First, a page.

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Advanced Segments vs. Profiles & Filters

Google announced lots of new features last week, and one of the most exciting is Advanced Segments. There are already some great posts out there in the analytics blogosphere explaining what Advanced Segments are all about and how to use them (here’s one from Justin Cutroni, and one from Avinash Kaushik). But we wanted to take a few minutes to compare and contrast using Advanced Segments vs. using profiles and filters to get a different view of the same site.

Up until now, there were some reports in Google Analytics, like the Visitor Loyalty reports and the Funnel Visualization report, that you could only segment by creating a new profile for your site with filters on it to get just the traffic you want. For example, do you want to see the Visitor Loyalty report just for your paid search visitors? Create a profile that only includes your paid search traffic. We’ve done lots of posts about filters in the past detailing how they work to set up exactly these kinds of things.

With Advanced Segments, though, many of these reports can be segmented. Here’s a screenshot of a segmented Visitor Loyalty report. (The Funnel Visualization report, sadly, remains un-segmentable.)

And the real upshot of using Advanced Segmentation is, you can look back historically on the data! With profiles and filters, the changes you make only have an effect from the time you make the change going forward. With Advanced Segmentation, the report instantly shows you the segments for the historical data you have.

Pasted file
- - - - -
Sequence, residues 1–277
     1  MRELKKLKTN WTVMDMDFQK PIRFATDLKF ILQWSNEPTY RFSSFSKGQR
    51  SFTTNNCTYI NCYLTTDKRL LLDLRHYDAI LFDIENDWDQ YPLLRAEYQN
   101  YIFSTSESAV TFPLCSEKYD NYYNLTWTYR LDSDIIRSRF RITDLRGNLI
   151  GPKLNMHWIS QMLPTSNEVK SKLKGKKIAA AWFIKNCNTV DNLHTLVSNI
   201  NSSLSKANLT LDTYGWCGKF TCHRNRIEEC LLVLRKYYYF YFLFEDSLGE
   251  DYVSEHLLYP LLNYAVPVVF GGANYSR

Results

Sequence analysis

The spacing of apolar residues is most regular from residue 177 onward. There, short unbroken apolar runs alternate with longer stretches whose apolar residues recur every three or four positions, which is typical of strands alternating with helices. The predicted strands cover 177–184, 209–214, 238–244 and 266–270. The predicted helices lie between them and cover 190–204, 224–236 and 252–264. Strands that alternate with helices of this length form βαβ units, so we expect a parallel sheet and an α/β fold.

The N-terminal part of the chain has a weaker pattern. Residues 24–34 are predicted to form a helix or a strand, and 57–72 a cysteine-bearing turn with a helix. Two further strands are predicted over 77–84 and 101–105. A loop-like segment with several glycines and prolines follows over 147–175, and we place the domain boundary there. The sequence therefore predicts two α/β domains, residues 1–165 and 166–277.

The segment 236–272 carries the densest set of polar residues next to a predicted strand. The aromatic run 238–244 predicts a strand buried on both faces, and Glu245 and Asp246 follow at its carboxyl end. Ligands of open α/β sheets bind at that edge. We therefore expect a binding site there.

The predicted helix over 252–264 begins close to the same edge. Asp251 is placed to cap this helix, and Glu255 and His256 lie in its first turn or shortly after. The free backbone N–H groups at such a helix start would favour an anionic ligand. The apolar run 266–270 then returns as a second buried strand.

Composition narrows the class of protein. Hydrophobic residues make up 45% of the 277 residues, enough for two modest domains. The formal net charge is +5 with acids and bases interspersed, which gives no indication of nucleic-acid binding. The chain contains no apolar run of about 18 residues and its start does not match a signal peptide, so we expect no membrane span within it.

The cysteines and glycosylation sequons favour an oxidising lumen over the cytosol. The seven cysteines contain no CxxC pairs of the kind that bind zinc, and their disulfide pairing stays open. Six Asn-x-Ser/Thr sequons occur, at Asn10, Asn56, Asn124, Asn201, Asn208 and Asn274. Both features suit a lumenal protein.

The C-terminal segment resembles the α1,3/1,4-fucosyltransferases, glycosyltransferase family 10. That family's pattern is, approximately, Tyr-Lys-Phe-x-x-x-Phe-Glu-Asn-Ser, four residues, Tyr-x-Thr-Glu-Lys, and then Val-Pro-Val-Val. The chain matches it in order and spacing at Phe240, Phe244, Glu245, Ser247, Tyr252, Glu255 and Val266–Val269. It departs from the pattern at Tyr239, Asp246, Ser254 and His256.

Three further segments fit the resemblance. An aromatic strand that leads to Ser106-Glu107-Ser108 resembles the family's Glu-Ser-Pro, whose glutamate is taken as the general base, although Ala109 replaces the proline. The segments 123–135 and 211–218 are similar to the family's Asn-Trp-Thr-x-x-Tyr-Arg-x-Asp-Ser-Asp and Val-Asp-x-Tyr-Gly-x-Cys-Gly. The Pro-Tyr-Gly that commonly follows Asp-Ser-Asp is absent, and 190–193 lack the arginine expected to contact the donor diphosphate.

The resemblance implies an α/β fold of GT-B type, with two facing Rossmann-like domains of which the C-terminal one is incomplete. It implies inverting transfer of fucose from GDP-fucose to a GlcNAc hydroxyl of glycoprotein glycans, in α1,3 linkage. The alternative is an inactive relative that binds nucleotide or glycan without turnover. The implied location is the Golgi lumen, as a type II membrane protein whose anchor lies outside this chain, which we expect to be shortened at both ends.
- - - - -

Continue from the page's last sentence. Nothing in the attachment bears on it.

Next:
Advanced Segmentation has several other advantages as well. You can see multiple advanced segments simultaneously in the same report.

You can also create advanced segments that wouldn’t have been easy or even possible with filters, such as segments for visits with metrics in a certain range (more than 3 pageviews, more than 2:00 on site, and so on).

And finally, the interface for creating advanced segments is much more intuitive than creating filters — you don’t necessarily need to understand regular expression to create most advanced segments you can dream up.

So given all this, who even needs to use profiles and filters any more? Forget them! Well, not exactly. There are still several very good reasons for using profiles and filters. One is for kinds of traffic you almost always want to exclude from your reports, such as internal traffic from your organization to your website (you don’t want your employees counted as visitors in most cases — and IP address isn’t a dimension you can use for creating Advanced Segments anyway). You’ll also still want additional profiles to handle more than four goals. And lastly, you can manage access to profiles with the User Manager, so it’s easy to keep track of who can see which sets of data — you can assign different users to different profiles as either read-only users or administrators. (Advanced Segments, on the other hand, are tied to a particular user’s login, like the Dashboard or email preferences. Each user has their own set of Advanced Segments that are available on whatever accounts or profiles they have access to.)

So here’s a summary of the differences between the two approaches…

Advanced Segments:

  1. Segment previously un-segmentable reports (except Funnel Visualization), including historic data.
  2. See multiple advanced segments at once in the same report.
  3. Types of segmentation that weren’t possible with filters: visits with conversion, visits with more than 3 pageviews, visits that spent more than 2:00 on the site, etc.
  4. More intuitive to set up for non-technical users.
  5. Tied to a user login.

Filters & Profiles: